It’s a situation so funny that a growing number of ostracized comics forgot to laugh: Conservative-leaning material, they say, is increasingly subject to arbitrary online censorship by Facebook, Twitter, YouTube, and other social media giants—treatment that appears to have no other explanation except the targets’ bucking of leftist orthodoxy.

Openly conservative stand-up Nick Di Paolo got suspended from YouTube for supposedly sharing false information, after ridiculing the left’s exaggerations of the virus in attacking former President Donald Trump.

Comedian Chrissie Mayr’s video mocking China’s handling of COVID-19—“Kung Flu Fighting”—was erased by Instagram, which deemed it “hate speech,” despite featuring a diverse lineup of comics.

The Babylon Bee, the right’s online answer to the satirical site The Onion, has been at war with Facebook for years. The social media giant intermittently threatens to deplatform the site for spoof articles that moderators apparently take seriously, such as its 2018 report that CNN had purchased industrial-sized washing machines to better “spin” the news.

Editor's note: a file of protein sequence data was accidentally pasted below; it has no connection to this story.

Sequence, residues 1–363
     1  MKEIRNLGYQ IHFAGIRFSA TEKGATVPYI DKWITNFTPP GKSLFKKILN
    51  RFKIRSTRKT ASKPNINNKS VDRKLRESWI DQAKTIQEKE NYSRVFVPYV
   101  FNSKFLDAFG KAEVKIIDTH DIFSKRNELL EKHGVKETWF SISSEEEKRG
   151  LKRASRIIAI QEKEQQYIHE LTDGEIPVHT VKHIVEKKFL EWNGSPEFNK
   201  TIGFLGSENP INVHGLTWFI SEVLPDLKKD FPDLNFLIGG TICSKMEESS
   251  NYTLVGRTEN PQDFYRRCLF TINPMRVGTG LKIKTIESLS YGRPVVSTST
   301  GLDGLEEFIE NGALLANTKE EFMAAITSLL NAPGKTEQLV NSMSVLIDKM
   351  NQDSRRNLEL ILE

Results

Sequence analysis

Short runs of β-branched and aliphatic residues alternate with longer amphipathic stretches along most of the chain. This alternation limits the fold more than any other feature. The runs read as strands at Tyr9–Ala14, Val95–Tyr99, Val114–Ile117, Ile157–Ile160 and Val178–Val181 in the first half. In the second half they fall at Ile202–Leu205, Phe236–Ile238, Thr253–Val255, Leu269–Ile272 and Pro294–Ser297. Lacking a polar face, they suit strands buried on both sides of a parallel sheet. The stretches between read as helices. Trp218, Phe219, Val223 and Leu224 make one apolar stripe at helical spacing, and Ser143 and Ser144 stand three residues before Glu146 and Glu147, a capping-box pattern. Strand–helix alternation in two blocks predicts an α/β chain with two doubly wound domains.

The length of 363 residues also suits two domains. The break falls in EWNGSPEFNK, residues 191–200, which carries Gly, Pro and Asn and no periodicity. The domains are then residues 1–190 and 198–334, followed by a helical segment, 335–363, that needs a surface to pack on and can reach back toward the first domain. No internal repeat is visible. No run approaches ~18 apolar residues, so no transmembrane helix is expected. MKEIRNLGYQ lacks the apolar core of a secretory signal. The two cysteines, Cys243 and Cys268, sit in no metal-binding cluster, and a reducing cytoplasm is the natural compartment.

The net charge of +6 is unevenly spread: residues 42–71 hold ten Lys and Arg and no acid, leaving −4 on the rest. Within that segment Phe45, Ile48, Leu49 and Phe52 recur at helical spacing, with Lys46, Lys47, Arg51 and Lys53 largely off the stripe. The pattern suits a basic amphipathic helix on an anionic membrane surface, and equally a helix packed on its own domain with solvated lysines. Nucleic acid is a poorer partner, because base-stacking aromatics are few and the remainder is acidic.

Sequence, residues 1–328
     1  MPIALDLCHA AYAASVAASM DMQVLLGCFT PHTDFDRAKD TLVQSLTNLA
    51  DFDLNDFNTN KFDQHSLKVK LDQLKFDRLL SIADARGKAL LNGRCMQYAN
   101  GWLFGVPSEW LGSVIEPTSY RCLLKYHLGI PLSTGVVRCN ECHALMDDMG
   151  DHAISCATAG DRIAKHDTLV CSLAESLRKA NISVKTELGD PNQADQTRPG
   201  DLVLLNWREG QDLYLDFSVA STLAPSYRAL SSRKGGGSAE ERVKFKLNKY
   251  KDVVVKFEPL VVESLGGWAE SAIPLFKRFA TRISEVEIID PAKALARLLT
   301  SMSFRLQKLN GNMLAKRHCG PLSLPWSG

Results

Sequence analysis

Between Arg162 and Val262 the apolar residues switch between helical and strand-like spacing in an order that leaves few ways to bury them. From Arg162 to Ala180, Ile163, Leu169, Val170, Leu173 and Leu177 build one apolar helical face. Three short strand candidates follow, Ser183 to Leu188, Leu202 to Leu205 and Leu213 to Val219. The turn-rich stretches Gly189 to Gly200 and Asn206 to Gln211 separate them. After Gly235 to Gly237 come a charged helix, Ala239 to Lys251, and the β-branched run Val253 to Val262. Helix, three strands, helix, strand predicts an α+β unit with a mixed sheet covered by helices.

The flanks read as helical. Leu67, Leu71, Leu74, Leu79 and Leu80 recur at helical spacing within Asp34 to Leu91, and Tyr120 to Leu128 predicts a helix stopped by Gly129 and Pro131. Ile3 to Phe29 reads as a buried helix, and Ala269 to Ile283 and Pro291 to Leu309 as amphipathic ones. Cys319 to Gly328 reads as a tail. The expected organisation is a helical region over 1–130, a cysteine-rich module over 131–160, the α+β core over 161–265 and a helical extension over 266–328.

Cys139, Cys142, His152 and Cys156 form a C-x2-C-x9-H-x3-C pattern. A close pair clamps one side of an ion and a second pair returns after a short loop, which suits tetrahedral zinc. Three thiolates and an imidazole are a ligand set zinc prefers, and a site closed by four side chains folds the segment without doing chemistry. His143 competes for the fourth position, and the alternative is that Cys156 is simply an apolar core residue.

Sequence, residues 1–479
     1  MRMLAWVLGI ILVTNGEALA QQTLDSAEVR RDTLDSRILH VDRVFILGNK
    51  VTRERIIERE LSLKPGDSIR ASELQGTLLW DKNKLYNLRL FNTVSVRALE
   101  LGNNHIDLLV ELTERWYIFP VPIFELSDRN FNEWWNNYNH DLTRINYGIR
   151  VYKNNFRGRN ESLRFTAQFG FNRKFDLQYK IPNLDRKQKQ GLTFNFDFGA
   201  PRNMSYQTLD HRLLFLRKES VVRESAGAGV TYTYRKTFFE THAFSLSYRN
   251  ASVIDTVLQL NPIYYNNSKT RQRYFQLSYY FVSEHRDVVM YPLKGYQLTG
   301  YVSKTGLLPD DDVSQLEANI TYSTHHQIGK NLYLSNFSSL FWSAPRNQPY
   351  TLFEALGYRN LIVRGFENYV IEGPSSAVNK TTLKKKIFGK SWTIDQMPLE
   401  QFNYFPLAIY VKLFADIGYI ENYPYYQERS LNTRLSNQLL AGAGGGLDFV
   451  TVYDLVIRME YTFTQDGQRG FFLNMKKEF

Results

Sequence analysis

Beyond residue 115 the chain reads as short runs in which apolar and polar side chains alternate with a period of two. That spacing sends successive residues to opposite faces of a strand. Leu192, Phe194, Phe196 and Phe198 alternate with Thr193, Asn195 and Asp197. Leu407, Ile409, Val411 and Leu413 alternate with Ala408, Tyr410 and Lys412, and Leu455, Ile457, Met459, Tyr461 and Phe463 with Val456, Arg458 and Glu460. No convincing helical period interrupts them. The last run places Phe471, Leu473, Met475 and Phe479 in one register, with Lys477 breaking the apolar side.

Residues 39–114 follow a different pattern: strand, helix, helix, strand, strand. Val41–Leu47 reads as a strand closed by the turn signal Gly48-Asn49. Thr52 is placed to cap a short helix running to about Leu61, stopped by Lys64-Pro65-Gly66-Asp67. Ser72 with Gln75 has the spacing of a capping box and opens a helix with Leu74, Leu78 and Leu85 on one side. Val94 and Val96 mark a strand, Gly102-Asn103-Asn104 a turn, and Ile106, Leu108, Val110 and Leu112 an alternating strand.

Online censorship threats are a bread-and-butter concern for comedians because their economic dependence on social media has only increased as many stand-up clubs remain shuttered due to the pandemic and TV gigs remain a distant dream. For them, online business is the bottom line.

Although most cancellations and deplatformings are temporary, and some might even convey a career-boosting notoriety, comics complain that their progressive colleagues are almost never policed, even for far more inflammatory content.

Sarah Silverman, for example, suffered no official blowback for this Feb. 11, 2019, tweet in response to one by Trump:

No point in explaining how mind blowingly stupid this tweet is so I’m just gonna go with F— YOU, and also add that you are a smelly penis hole with balls that touch water. Eat s—, you greedy t—.  

Kathy Griffin lost her CNN New Year’s Eve gig after sharing an image of her holding a prop of Trump’s decapitated head in 2017, but social media censors were far less severe.